New antiviral drugs that can actually cure hepatitis C are proving so effective that doctors are now doing what had previously been unheard of: They are transplanting infected livers into patients who are on liver transplant wait lists, and then curing the hepatitis C afterward, something that used to be impossible.
Pet sitter 39-year-old Kimberly Wilt had a fatty liver, which developed into cirrhosis. She found herself on the liver transplant list.
"I was in shock," she said. "I'm in my 30s; how am I going to have a transplant at this time? I wasn't prepared for it whatsoever."
Multiple calls fell through, and then her doctor asked if she would be willing to take a hepatitis C-infected liver.
"We told her, we said, 'Look, it's very easy now, you take a pill daily between eight to 12 weeks, and we guarantee between 97% to 99% cure rate," Dr. Robert Rahimi said.
"When he took my liver out, he said it looked like I was walking a tightrope: One day it would have just completely failed, and who knows if there would have been a liver that would have matched my blood type, my size, and been in good enough condition for a transplant?" Wilt said.
Taking the antiviral drugs, Wilt's hepatitis C was undetectable within three months.
"I have a new life," she said. "It's completely new, it's not anywhere near where it was a year ago."
"This is now adapting all across the United States and the world. Over time, it's going to save thousands of lives," Rahimi said.
There are nearly 17,000 people in the United States waiting for a liver transplant. A new study published in the New England Journal of Medicine reports these new antiviral drugs are so effective that other infected body parts, such as hearts and lungs, can also be transplanted, then cleared of the hepatitis C after the transplant.
TOPIC: HEP C LIVER TRANSPLANT FIRST, THEN CURE HEP C
REPORT: MB #4638
BACKGROUND: In order to undergo a liver transplant, a patient must be placed on the national waiting list. The list is managed by the United Network for Organ Sharing (UNOS), which collects and manages all data that pertain to the patient waiting list, organ donation and matching, and transplantation occurring on the OPTN, the nation's organ transplant network. All liver transplant candidates in the United States must be listed with UNOS before a donor liver can be allocated. Currently there are nearly 17,000 people waiting for a liver transplant in the United States. The median national waiting time in 2006 was 321 days. (Source: https://columbiasurgery.org/liver/liver-transplant-waiting-list)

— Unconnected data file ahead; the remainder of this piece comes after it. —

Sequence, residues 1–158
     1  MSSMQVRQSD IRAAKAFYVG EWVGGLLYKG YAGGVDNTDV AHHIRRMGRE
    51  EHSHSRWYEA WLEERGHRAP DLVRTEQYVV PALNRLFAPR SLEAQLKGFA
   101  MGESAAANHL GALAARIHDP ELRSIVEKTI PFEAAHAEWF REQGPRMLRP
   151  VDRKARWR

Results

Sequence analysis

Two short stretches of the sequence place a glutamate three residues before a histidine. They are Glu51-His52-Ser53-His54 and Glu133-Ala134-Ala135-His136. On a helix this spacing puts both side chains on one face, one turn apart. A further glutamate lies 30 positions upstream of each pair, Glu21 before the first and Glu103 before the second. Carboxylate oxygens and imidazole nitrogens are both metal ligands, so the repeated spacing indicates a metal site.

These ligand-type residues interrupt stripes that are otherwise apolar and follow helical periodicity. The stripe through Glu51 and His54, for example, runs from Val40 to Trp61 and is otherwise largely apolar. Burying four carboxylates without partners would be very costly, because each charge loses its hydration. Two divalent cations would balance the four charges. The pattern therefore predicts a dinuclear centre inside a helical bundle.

HEP C: Hepatitis C is a liver disease caused by the hepatitis C virus (HCV): the virus can cause both acute and chronic hepatitis, ranging in severity from a mild illness lasting a few weeks to a serious, lifelong illness. It is also a major cause of liver cancer. A new infection with HCV does not always require treatment, as the immune response in some people will clear the infection. However, when HCV infection becomes chronic, treatment is necessary. The goal of hepatitis C treatment is cure. Robert Rahimi, MD, a Transplant Hepatologist at Baylor Scott and White in Dallas says the cure rate for hep C is greater than 97 percent. (Source: https://www.who.int/news-room/fact-sheets/detail/hepatitis-c & Robert Rahimi, MD)
NEW TREATMENT: Dr. Rahimi explained what used to happen to these infected organs, "Infected organs in the past could only be used in patients that had hepatitis C because you're taking out their liver or heart or lung or kidneys. They already had hepatitis C and it goes through the bloodstream. And let's say an organ came available that had hepatitis C. We could only give it to those patients that were already infected. Now with the advent of antiviral therapies, we are curing many, many patients. It's almost like it's limiting Hepatitis C from the baby boomers those that are asymptomatic. They don't know that they have hepatitis C. So the new organs that become available because of the opioid epidemic that are found to have hepatitis C, in the past we would actually discard them. But nowadays with informed consent we say look we can use these. Patients that are on the wait list - they can die on the wait list. Their mortality is a few percentages per month dying or at least waiting for an organ. Instead of that, we can actually give the organ to a patient and cure them afterwards." (Source: Robert Rahimi, MD)